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If I am right it is easy to prove the following facts involging the Euler's totient function $\varphi(m)$ and the sum of divisors function $\sigma(m)$.

Fact 1. If there exists an odd perfect number $n$ such that $\gcd(105,n)=1$, then our odd perfect number satisfies $$\varphi\left(103\frac{\sigma(n)}{2}+107n\right)=48\varphi(n).\tag{1}$$

Fact 2. If $n>6$ is an even perfect number then $$\varphi\left(103\frac{\sigma(n)}{2}+107n\right)=48\varphi(2n)\tag{2}$$ holds.

Question. I would like to know what work can be done to know the veracity about the following conjectures:

C1) If $n\geq 1$ is an integer satisfying $2\mid \sigma(n)$ and $\gcd(n,105)=1$ such that $(1)$ holds, then $n$ is an odd perfect number.

C2) If $n\geq 1$ is an integer satisfying $2\mid \sigma(n)$ such that $(2)$ holds, then $n$ is an even perfect number.

Many thanks.

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    $\begingroup$ Feel free to add what computational effort can be proposed to motivate or refute the conjectures. $\endgroup$ – user686930 Jul 7 at 19:15
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    $\begingroup$ Can anything be said about the tuned-down versions of these conjectures, with $(105,103,107,48)$ replaced with $(15,13,17,8)$? Or even $(3,1,5,2)$? $\endgroup$ – Hagen von Eitzen Jul 7 at 19:31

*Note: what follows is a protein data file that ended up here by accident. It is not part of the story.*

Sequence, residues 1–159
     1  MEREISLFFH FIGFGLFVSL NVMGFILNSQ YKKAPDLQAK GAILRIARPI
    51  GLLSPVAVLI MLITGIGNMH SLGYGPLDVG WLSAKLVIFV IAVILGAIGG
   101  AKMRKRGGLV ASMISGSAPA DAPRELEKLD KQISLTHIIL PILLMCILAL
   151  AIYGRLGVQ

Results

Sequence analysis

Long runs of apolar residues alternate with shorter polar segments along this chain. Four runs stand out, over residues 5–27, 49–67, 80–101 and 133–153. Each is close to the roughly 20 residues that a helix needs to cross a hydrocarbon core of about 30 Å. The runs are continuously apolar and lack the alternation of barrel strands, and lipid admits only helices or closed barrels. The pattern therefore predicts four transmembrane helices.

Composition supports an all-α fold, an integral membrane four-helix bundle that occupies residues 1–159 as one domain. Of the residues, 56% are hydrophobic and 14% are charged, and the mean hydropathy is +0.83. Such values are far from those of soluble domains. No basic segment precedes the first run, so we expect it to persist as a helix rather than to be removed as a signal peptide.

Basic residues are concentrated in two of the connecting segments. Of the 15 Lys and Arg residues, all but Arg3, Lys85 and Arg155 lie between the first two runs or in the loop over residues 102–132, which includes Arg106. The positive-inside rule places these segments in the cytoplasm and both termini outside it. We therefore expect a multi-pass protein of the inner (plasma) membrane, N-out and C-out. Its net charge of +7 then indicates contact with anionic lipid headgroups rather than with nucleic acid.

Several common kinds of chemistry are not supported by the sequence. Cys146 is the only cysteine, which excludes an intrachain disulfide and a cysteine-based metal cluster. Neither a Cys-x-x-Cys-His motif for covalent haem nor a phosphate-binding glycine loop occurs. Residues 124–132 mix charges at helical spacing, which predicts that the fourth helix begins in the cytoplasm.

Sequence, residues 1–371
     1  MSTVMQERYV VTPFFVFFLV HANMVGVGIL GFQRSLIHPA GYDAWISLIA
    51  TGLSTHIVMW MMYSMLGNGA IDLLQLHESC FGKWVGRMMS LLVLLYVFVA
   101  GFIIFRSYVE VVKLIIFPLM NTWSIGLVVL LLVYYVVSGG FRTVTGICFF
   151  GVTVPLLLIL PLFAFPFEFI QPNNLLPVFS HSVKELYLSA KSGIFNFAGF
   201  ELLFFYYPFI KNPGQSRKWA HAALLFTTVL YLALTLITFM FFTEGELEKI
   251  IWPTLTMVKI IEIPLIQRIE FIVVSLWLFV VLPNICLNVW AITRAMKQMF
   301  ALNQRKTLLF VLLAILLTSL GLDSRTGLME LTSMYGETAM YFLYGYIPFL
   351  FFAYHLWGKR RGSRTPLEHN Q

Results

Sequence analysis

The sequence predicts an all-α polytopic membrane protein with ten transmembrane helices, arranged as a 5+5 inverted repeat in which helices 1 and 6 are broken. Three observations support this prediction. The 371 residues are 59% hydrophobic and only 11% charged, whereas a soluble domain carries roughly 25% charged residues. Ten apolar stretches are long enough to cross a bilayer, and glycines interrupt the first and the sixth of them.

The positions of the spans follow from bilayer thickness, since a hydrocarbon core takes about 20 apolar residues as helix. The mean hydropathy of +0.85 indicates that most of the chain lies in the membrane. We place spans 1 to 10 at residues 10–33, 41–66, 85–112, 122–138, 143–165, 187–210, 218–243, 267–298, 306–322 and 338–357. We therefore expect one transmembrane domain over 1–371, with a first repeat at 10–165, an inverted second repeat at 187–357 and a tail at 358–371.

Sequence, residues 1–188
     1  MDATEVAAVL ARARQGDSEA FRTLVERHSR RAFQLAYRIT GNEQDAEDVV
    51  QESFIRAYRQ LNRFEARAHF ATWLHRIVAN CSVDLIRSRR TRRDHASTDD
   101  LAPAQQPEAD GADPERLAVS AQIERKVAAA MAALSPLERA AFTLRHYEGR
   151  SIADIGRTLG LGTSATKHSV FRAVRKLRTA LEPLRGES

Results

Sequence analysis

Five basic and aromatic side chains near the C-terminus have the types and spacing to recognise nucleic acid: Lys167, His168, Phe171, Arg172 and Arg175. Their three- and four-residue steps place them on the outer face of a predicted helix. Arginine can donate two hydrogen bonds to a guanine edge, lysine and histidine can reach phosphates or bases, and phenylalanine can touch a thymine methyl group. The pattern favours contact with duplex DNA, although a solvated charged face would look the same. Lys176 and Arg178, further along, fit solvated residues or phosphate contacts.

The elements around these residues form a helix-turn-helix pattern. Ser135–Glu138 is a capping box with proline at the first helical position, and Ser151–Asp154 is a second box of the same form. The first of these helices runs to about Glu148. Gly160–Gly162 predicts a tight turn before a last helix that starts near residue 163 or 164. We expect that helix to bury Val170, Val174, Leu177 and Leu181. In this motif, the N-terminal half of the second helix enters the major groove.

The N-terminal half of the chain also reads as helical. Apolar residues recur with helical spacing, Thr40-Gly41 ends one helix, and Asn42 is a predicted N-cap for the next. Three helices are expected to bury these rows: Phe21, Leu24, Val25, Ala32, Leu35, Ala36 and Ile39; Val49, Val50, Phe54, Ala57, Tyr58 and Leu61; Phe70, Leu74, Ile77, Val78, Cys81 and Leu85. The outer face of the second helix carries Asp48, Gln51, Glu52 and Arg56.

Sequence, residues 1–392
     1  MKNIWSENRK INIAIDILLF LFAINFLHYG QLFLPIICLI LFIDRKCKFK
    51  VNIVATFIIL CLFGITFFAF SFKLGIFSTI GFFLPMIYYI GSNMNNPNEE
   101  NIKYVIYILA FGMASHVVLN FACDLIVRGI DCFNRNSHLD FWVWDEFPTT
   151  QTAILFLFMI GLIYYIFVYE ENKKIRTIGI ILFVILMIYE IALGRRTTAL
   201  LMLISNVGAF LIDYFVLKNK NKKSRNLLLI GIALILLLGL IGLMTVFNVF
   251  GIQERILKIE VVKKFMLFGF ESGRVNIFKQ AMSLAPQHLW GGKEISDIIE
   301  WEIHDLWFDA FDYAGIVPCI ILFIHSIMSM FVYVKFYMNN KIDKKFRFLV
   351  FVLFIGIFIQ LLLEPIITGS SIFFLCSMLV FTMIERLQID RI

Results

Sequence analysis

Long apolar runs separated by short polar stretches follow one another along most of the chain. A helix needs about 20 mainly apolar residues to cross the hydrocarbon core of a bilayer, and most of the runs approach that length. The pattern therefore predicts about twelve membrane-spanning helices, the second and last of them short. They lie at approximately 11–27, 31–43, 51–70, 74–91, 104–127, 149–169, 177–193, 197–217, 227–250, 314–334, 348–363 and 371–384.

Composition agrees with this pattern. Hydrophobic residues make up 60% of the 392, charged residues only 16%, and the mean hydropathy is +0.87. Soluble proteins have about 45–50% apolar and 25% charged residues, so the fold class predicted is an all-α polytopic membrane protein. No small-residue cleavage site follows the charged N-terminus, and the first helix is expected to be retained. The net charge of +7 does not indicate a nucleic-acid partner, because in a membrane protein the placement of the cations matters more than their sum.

• $\begingroup$ I should see/study it more slowly, if I understand well your words maybe you want to say that the mathematical content of this post isn't the best. Many thanks for your words @HagenvonEitzen $\endgroup$ – user686930 Jul 7 at 19:38
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The facts seem correct. By definition $\sigma(n)=2n$ for any perfect number $n$. So if $n$ is perfect and odd, the first fact reduces to:

$$\phi(210n)=48n$$

So by $(105,n)=1$ and $n$ is odd:

$$\phi(210n)=\phi(210)\phi(n)=48\phi(n)$$.

A similar argument follows for the second fact.

It is well known that if $n$ is an odd perfect number, then 105 does not divide it (however it can maybe still have some factors 3,5,7, just not all of them). So your restriction of $(105,n)$ focuses on a narrower set of odd perfect numbers (if they even exist in the first place).

Your question though seems about as difficult as figuring out whether or not there are odd perfect numbers. I would try at least showing the relations hold for $n\leq 10^6$.

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  • $\begingroup$ Maybe some user can to find a counterexample for this new statement: If $n\geq 1$ is an integer satisfying $2\mid \sigma(n)$ and the identity $(1)$ holds, then $n$ is an odd perfect number. $\endgroup$ – user686930 Jul 7 at 22:34

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